Taking the initiative

Tue, 17 Apr 2012 08:50:00 BST

Midwife course demonstrates its commitment to offer best help and advice on breastfeeding

Image of midwifery tutors Mari Phillips, Joyce Marshall and Jayne Samples

Taking the lead on midwife education at the University of Huddersfield - (l-r) Dr Mari Phillips, Dr Joyce Marshall and Jayne Samples

THE University of Huddersfield has demonstrated its determination to ensure that the midwives it trains can offer mothers the very best help and advice on breastfeeding their babies.

The midwifery course at the University has received a Certificate of Commitment from the Baby Friendly Initiative, a major global programme run by the World Health Organisation and UNICEF.

Image of UNICEF logo

One of the initiative’s main goals is the encouragement of breastfeeding.  An important element in this is a programme to ensure minimum standards for courses within university departments responsible for education of health professionals. This is to ensure that newly qualified midwives and health visitors are equipped with the basic knowledge and skills they need to support breastfeeding women effectively.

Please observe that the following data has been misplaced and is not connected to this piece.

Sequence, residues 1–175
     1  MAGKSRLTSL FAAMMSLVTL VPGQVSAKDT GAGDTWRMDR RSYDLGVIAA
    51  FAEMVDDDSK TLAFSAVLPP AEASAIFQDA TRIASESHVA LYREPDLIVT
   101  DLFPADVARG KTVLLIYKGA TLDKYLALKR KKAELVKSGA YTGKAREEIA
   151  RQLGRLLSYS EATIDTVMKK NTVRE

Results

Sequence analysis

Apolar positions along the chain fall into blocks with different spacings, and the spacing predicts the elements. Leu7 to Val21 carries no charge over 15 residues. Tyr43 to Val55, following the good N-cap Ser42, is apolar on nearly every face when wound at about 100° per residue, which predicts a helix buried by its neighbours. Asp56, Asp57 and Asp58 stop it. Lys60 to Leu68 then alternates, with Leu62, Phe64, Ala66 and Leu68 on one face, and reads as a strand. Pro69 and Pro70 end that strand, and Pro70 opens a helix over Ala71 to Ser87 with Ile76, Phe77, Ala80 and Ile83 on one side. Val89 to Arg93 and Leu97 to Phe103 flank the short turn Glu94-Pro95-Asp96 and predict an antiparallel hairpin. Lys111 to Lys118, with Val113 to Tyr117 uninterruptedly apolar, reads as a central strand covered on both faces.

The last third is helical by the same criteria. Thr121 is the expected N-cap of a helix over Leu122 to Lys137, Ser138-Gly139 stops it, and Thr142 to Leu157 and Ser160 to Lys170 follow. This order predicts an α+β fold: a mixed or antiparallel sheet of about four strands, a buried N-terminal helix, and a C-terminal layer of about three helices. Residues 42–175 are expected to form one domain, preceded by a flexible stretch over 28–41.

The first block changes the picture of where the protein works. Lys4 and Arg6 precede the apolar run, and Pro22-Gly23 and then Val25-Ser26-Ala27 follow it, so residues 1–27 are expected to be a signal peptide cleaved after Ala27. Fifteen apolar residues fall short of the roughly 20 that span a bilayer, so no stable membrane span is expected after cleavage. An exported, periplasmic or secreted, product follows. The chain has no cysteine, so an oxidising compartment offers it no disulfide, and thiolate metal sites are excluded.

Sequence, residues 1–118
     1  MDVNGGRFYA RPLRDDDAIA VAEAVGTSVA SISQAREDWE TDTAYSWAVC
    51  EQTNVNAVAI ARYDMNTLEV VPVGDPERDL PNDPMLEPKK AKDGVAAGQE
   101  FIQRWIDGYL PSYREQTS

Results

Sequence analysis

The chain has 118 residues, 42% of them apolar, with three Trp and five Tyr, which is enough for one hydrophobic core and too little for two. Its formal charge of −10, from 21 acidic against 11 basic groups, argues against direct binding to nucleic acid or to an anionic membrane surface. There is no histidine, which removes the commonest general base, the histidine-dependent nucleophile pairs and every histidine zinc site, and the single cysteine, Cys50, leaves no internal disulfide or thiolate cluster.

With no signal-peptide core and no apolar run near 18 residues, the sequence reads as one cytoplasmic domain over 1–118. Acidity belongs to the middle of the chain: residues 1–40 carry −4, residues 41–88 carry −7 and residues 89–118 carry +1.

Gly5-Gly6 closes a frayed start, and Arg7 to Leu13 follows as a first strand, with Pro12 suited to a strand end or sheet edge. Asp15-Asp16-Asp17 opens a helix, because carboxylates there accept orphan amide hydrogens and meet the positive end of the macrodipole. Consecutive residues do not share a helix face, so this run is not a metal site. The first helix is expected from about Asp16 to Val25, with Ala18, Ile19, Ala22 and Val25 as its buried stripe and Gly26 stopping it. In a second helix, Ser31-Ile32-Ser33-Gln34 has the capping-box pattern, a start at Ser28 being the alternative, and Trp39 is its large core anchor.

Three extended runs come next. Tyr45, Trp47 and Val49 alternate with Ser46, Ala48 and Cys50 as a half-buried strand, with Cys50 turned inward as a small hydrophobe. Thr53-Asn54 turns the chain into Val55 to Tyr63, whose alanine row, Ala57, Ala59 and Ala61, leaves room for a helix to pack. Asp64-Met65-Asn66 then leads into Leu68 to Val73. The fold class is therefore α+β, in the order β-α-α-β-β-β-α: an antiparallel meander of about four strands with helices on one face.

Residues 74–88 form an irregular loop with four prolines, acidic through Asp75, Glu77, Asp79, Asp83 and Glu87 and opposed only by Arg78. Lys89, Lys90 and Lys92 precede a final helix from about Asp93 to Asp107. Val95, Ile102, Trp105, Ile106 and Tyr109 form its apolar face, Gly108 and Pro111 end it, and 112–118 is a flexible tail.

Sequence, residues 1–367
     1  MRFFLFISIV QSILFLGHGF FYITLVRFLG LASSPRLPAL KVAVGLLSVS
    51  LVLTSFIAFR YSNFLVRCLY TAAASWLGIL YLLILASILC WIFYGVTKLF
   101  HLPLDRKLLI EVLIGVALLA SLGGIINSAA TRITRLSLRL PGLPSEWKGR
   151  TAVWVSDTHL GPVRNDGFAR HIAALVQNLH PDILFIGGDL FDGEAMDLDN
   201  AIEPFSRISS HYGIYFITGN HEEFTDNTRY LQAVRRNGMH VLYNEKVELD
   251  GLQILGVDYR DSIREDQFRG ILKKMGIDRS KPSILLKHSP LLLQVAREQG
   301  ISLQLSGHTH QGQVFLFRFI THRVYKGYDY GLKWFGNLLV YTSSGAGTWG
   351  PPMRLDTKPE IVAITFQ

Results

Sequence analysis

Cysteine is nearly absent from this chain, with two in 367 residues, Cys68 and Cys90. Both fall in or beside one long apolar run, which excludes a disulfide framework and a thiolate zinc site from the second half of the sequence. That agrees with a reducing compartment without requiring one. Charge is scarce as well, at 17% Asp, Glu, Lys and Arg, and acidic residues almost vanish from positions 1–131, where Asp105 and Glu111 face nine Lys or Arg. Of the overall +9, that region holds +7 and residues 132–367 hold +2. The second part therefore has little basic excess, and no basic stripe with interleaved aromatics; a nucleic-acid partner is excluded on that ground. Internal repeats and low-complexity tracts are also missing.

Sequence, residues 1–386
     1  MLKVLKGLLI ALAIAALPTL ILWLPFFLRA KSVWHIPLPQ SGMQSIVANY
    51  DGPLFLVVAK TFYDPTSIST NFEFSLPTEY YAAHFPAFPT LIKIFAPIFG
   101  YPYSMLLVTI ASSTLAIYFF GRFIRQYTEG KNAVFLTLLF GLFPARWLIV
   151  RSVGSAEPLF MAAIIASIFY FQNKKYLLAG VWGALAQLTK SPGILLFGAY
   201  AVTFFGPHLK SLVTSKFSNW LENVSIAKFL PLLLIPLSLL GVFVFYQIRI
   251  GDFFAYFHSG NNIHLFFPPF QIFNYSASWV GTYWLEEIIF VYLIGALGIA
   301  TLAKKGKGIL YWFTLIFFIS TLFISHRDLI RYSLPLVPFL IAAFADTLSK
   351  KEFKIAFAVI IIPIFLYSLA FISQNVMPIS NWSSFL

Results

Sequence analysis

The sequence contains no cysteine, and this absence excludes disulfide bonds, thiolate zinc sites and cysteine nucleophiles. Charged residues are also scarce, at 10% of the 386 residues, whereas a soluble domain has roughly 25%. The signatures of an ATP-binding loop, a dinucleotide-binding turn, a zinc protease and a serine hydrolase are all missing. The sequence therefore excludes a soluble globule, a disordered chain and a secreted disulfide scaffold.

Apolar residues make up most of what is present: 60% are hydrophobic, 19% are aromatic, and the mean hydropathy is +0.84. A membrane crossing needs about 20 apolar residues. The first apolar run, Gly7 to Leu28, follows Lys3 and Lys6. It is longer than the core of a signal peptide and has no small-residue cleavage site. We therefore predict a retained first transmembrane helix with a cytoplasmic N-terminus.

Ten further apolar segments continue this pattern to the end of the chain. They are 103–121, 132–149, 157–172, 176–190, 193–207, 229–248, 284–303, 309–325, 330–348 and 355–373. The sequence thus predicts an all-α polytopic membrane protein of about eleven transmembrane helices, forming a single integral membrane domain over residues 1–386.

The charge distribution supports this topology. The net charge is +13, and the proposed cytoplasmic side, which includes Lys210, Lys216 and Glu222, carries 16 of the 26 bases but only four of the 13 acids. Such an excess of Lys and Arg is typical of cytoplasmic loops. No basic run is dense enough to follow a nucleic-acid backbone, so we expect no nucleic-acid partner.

The University of Huddersfield has embarked on the Baby Friendly Initiative’s standards programme.  Now that the Certificate of Commitment has been received, the midwifery course will pass through two further stages, culminating in a visit to the University by Baby Friendly assessors who will interview the lead lecturer and a random sample of students.

When this is successfully completed, the course receives full Baby Friendly accreditation.

Dr Joyce Marshall is Senior Lecturer in Midwifery in the University of Huddersfield’s Division of Maternal and Child Health, where 131 students are currently studying to be midwives.  She is delighted to have received the Certificate of Commitment and is looking forward to completing the stages that will lead to accreditation.

Midwifery students are taught about infant feeding throughout the three years of their BSc course, she said, and the topic is receiving new emphasis, with practical training and extra information added to skills handbooks.

“The Baby Friendly Initiative gives us recognition for the good work we are already doing at Huddersfield, but it will also enable us to take a systematic look at ways in which we might improve the education that we provide,” said Dr Marshall.

“We know that despite the health benefits of breastfeeding, many women give up before they want to.  We must ensure that they get adequate support to continue to breastfeed when they wish to do so.”

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